Flower power: Tropical bloom offers potential new treatment for pancreatic cancer

December 12, 2019

An international team of scientists led by the UK’s University of Bath have produced drug-like molecules— inspired by a chemical found in a tropical flower—that show promise for treating one of the deadliest cancers, pancreatic cancer.

The researchers have created three new molecules similar to Grandifloracin, a chemical found in the tropical plant Uvaria grandiflora, which grows in Malaysia, Indonesia, Thailand, and the Philippines.

Their study—which was conducted in collaboration with Professor Suresh Awale from the University of Toyama, Japan—demonstrated that all three molecules kill pancreatic cancer cells in a petri dish. Two of these killed the cells more effectively than the original Grandifloracin molecule.

Since pancreatic cancer causes few symptoms, many patients don’t realize they are affected until it has already spread to other organs. Pancreatic cancer is also very difficult to treat, because its tumors resist many anti-cancer drugs,- so these molecules could become a valuable tool in combating the condition.

Although this research is more than five years away from its first human trials, the researchers say these molecules could become a promising new class of drugs for treating pancreatic cancer.

Dr Simon Lewis, Senior Lecturer in Chemistry from the University of Bath, said: “Pancreatic cancers are especially aggressive and fast-growing, so the tumors develop faster than the blood vessels can supply nutrients to them. This leads to a lack of nutrients, to an extent that would kill ordinary cells, but the pancreatic cancer cells can survive these ‘austere’ conditions and keep on growing.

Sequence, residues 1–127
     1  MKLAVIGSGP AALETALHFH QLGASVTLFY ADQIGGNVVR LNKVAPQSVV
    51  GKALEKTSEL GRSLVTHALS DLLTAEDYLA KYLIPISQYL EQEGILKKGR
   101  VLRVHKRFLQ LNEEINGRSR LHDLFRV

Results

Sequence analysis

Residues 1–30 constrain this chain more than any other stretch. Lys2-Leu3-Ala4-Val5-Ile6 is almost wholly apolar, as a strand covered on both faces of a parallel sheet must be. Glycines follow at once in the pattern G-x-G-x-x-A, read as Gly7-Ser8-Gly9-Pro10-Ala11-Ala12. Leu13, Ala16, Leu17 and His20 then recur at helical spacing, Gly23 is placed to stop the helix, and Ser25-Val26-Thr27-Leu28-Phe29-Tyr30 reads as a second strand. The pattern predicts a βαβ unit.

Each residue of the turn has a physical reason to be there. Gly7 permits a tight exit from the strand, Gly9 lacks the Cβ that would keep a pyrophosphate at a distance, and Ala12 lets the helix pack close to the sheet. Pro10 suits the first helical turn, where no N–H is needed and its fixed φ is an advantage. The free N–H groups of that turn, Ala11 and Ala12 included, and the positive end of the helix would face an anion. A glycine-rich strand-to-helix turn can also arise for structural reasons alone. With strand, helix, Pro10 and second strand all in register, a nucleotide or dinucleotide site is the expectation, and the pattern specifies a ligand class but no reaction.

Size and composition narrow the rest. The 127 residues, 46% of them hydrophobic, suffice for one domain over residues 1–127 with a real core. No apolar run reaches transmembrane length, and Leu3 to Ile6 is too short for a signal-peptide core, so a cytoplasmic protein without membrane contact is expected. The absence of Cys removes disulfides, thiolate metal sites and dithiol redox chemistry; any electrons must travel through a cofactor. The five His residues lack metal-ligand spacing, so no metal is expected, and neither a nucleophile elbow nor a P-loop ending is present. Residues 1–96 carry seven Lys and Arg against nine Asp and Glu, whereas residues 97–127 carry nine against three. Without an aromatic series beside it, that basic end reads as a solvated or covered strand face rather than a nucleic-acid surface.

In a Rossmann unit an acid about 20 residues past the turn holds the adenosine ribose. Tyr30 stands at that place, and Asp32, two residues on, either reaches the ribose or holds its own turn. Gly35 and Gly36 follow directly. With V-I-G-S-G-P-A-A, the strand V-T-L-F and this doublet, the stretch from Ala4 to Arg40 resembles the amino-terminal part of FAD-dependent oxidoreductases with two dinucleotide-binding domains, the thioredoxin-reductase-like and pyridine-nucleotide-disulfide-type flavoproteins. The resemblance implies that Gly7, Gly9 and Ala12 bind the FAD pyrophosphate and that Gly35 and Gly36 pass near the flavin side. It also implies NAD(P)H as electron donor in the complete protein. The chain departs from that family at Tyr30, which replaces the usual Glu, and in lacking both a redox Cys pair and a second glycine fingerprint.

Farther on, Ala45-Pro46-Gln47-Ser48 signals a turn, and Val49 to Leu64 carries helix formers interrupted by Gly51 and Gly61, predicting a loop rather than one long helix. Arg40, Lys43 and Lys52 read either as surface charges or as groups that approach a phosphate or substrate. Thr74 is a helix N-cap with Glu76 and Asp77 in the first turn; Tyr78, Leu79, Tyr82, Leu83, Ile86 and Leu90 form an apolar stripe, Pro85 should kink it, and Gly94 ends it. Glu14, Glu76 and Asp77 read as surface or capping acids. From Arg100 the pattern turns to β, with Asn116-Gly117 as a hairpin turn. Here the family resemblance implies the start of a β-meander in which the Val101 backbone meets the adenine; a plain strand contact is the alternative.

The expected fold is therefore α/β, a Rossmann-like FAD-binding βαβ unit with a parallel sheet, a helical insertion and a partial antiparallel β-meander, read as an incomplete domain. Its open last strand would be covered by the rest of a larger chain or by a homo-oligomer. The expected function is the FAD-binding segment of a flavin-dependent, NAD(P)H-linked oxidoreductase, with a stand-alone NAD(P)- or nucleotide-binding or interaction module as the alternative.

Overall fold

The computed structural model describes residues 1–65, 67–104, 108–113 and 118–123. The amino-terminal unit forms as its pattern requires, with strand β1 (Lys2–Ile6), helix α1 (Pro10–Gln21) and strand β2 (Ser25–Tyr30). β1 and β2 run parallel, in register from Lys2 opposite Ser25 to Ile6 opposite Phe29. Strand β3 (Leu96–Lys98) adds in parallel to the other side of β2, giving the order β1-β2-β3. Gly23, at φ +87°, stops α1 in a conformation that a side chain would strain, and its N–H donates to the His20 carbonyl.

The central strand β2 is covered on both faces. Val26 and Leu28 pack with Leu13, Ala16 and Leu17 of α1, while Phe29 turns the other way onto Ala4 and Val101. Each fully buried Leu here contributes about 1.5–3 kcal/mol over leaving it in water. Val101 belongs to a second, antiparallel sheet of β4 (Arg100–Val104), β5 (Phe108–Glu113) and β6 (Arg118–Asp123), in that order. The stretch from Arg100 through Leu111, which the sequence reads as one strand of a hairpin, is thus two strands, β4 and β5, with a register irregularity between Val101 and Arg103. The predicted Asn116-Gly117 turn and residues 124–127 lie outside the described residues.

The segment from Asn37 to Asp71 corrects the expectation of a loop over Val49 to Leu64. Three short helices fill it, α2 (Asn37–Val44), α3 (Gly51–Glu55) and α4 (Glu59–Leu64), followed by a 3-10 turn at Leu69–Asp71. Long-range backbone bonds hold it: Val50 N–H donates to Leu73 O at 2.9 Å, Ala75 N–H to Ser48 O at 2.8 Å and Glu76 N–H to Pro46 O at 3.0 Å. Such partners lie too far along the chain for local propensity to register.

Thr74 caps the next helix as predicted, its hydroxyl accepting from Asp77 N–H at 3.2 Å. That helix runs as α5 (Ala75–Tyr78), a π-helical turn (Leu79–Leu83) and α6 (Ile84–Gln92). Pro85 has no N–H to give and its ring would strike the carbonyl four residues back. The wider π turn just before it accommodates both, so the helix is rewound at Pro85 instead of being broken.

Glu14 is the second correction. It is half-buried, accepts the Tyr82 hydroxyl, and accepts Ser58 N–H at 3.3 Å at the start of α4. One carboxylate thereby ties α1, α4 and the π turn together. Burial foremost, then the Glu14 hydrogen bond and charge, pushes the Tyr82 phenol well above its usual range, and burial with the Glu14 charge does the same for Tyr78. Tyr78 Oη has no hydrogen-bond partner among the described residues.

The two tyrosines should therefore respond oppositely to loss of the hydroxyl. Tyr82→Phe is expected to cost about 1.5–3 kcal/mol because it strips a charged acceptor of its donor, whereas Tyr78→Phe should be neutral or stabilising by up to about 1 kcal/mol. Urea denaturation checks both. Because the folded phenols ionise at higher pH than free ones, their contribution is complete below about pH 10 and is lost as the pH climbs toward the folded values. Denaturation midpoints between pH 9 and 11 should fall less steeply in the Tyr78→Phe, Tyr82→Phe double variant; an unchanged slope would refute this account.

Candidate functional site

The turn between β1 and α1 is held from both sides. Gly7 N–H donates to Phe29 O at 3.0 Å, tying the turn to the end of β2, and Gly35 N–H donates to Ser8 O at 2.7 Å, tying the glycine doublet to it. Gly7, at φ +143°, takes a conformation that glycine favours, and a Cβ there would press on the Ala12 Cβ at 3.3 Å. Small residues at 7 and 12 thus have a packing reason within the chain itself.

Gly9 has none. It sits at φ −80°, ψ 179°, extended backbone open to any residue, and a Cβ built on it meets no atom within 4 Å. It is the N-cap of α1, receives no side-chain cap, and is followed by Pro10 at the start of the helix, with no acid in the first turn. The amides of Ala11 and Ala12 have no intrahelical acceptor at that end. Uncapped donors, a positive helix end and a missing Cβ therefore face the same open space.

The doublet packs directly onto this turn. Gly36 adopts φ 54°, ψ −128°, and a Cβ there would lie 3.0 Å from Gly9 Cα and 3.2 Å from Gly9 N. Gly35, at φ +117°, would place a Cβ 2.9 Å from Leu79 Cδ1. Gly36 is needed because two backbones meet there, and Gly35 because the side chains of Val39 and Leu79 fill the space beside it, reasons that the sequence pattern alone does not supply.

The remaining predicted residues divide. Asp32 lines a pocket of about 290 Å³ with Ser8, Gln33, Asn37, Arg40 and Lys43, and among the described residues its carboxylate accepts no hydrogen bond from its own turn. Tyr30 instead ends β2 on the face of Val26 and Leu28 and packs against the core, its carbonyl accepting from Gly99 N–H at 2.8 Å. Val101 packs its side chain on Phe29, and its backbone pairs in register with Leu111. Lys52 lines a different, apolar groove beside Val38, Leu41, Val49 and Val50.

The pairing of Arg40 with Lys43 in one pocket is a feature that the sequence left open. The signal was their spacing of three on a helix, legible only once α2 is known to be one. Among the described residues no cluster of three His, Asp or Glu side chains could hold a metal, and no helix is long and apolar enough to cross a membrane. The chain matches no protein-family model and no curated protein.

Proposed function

The molecules we have identified are so-called ‘anti-austerity’ agents that can remove the ability of the cancer cells to tolerate these starvation conditions, so they will die, whereas ordinary cells with a normal supply of nutrients remain unaffected.”

Dr. Lorenzo Caggiano, Senior Lecturer in the Medicinal Chemistry group at the University of Bath’s Department of Pharmacy & Pharmacology, said: “Through evolution, nature has developed a huge variety of active compounds to help it survive and thrive under a wide range of environmental conditions.These so-called natural products are of great interest in the development of new drugs and as such approximately a quarter of all medicines are derived from plants.

“As part of our ongoing research into the development of new treatments for brain cancers based on compounds found in daffodils, the research published in collaboration with Dr. Lewis describes a compound also found in flowering plants that is able to selectively kill pancreatic cancer cells in a new way.

“This exciting approach could potentially lead to a new drug to treat pancreatic cancers that is more effective yet less toxic than current treatments.”

Research contact: @UniofBath

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